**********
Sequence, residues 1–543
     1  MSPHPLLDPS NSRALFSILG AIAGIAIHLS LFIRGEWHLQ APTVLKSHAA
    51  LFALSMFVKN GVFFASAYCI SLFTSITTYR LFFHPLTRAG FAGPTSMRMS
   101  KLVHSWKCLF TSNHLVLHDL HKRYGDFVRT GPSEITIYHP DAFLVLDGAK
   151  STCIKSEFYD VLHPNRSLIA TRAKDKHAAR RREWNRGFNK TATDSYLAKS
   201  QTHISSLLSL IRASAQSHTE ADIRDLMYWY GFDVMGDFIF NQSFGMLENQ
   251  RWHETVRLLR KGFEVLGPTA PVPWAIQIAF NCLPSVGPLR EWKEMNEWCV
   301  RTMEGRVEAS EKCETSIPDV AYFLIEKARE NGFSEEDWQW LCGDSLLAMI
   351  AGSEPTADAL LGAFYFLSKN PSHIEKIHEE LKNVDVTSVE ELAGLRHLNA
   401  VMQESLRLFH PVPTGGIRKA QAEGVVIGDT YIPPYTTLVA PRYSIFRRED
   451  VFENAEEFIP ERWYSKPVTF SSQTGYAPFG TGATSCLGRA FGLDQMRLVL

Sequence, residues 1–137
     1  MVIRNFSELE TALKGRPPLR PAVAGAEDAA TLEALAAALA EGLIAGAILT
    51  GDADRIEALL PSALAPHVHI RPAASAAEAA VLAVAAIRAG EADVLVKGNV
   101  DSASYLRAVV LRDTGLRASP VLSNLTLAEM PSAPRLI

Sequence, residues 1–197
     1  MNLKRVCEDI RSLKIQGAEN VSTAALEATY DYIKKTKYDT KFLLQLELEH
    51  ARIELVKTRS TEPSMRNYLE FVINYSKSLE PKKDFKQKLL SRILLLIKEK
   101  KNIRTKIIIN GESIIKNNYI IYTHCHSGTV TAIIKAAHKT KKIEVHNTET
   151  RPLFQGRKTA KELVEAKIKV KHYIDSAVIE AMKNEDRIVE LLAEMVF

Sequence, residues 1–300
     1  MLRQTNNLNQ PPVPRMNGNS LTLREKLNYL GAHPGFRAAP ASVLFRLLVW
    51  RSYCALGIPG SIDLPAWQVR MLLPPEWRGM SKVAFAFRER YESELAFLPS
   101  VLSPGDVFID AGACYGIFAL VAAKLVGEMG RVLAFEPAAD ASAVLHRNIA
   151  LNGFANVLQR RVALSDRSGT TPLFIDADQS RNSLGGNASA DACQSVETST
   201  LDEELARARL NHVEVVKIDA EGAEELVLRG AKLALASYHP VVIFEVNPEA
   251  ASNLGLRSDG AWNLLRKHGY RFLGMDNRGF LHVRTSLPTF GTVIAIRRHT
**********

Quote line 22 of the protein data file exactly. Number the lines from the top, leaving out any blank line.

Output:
     1  MLRQTNNLNQ PPVPRMNGNS LTLREKLNYL GAHPGFRAAP ASVLFRLLVW